The only significant stop we made today was in Calera, Alabama where we stopped to pick up 10 chain saw blades that my Brother-in-Law managed to get for my son. My son is going through chain saw blades like Sherman through Georgia. Several family friends heading into the area have brought him all they can purchase. In addition to what my BIL was able to get today we have purchased every chainsaw blade we could get on our way back to Pensacola.
Not far out of Montgomery we spotted fields of cotton that resembled "snow". Southern snow, that is. Harvesters were in the fields gleaning those white balls. We are both amazed that hurricane Ivan didn't completely destroy the cotton crop.
Tuesday September, 20: Our son's driveway--Pensacola, Florida: N30° 27.710' W87° 11.662' $Free.
Joyce went into the Winn Dixie grocery store (we spent the night in their parking lot) this morning to purchase the last food/groceries before arriving in Pensacola. Joyce has been on the phone with Kathryn our DIL who has told her what the greatest needs are in the way of groceries. Once the groceries are loaded we get on our way to Pensacola and the destination of this dash home.
The Saturn is FULL of gas and we want the motorhome to be full of Diesel before entering Pensacola. That was NOT to be. We did not locate the first gas station/truck stop that we could pull into with the motorhome. A few were open (not truck stops) just individual gas stations and each of these had horrendous lines wrapping around the block and up the street. We saw stations but most still didn't have water or electricity. A few were operating with generators.
Shortly after leaving Montgomery we started seeing trees down along I-65. It was just a few to begin with but with each passing mile the number became greater. By the time we exited I-65 and turned toward Flomaton on Alabama 113 the severity of this storm became apparent. From that turn on into Pensacola 60-miles to the south trees were down and houses destroyed in a routine manner. Houses without trees on them were the exception. The small border towns of Flomaton and Century were devastated beyond belief. Power lines were still down across the highway through town (this highway is the major north/south artery into Pensacola). Huge trees have been cut from the highway. The only thing removed from the highway is what was actually in the highway. Nubs of the trees have been cut parallel with the curb on each side. No one is removing anything other than what is absolutely necessary to move traffic down the highway. It is like driving through a tunnel with the sides of the tunnel consisting of tree trunks and branches.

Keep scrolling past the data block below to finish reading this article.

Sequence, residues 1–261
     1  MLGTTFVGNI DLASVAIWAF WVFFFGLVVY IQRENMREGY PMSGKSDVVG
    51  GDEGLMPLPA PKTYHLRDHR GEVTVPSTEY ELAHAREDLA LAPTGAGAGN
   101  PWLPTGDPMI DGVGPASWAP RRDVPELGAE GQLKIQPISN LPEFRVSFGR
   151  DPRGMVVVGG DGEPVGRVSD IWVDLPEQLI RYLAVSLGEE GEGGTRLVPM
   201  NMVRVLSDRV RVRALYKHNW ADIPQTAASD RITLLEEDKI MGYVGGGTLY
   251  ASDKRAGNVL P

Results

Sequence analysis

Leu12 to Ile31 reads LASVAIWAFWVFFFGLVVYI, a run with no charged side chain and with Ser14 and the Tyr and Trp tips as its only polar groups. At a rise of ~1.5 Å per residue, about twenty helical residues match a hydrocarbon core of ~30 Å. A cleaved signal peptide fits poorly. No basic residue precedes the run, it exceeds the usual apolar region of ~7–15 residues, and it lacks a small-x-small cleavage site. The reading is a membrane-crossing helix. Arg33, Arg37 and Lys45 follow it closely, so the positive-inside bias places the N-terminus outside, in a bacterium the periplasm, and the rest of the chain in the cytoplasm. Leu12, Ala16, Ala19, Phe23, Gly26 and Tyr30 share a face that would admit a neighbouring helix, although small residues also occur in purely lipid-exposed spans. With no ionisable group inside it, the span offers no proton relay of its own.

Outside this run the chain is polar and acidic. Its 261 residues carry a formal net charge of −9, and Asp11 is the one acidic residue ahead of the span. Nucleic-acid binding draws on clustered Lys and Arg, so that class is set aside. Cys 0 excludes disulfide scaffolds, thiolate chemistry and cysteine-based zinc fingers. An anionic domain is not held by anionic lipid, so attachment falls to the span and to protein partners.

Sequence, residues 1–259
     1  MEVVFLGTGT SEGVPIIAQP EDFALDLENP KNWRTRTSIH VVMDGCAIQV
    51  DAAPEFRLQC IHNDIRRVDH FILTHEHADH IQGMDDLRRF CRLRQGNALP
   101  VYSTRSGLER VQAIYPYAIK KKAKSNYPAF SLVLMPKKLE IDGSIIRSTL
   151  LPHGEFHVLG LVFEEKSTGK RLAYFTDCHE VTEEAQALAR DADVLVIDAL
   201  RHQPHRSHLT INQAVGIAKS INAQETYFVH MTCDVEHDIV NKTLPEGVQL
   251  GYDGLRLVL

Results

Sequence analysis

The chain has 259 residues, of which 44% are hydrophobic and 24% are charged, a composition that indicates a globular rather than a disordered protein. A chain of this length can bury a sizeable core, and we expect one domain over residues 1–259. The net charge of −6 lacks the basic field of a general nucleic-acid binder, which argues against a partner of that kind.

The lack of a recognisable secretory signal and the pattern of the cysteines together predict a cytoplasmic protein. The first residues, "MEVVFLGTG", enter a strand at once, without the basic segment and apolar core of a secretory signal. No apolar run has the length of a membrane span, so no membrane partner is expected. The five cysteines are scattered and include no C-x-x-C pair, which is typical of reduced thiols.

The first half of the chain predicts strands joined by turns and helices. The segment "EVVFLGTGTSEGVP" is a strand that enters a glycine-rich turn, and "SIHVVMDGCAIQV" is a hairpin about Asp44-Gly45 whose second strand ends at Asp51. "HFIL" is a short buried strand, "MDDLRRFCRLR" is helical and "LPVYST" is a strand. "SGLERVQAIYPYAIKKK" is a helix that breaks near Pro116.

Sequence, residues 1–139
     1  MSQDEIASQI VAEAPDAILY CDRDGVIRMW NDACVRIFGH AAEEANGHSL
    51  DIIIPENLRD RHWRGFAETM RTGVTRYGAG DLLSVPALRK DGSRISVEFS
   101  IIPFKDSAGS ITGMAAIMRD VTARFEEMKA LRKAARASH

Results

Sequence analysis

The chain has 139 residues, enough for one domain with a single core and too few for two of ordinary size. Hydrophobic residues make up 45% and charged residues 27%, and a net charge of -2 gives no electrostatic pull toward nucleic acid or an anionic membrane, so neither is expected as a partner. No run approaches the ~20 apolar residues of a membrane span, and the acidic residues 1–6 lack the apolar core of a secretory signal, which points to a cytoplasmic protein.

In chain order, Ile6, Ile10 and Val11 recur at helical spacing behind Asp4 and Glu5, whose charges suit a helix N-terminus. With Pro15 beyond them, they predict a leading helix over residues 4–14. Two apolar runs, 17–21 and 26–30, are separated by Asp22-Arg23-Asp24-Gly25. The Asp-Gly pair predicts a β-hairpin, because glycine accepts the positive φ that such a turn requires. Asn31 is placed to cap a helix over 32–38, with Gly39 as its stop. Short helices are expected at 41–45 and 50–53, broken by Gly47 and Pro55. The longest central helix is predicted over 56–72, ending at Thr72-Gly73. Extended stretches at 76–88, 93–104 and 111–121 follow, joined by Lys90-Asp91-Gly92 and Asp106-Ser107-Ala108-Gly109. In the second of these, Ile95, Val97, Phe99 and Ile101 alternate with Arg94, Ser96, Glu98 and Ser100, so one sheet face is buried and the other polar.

By the time we enter the outskirts of Pensacola street lights are working at many of the MAJOR intersections on the highway. No electricity is apparent off the main highway. Some businesses, especially the big ones, seem to have electricity and are overflowing with customers.
By the time we reach our neighborhood (Cordova Park) we are in shock. The whole area looks like one of the disasters you see on national news. Everywhere you look is MAJOR devastation. We have ridden out numerous hurricanes but have never seen this quantity of destruction. New multi-story bank buildings have entire floors that have been gutted. One bank between Lowes and Sams has a second story that you can see through. The third, fourth and upper stories have some damage but the second floor looks like the wind punched in on one side and exited on the other side. Steel girders and framing is what you see when you look through the second floor. You have to wonder where the desks, filing cabinets, etc., are since the Lowes parking lot is located down wind.
Our stick & brick home is relatively OK. We have major chain link fence damage where big trees fell across the fence and buckled it. We have some roof damage but the roof was not punctured and water is not leaking into the house.
We are fortunate in that regard since around 50% of the homes in this neighborhood have holes in the roof or missing shingles and felt. Many if not most homes in the neighborhood have roofing damage on the east facing side. Houses with no shingles on the east side is common.
Our son had not cleared any of the trees in our yard so we could see it and take pictures in case they were covered by insurance. They weren't covered by insurance. Trees on the house and on fences can be covered but our insurance deductable for hurricanes is $3,800.
View of our home in Pensacola, Florida when we arrived
Our home in Pensacola, Florida one tree leaning on the house and one just missing the house
The tree limb that went through our second floor bedroom window took out the window. Jeff has things under control with the heavy plastic over the opening. Joyce will have fun picking up the leaves branches and broken glass scattered around our bedroom.
Mess inside of our home from limb going through 2nd story window during Hurricane Ivan
We have so many trees down. We will get a count later. It will be easier to count the stumps and snags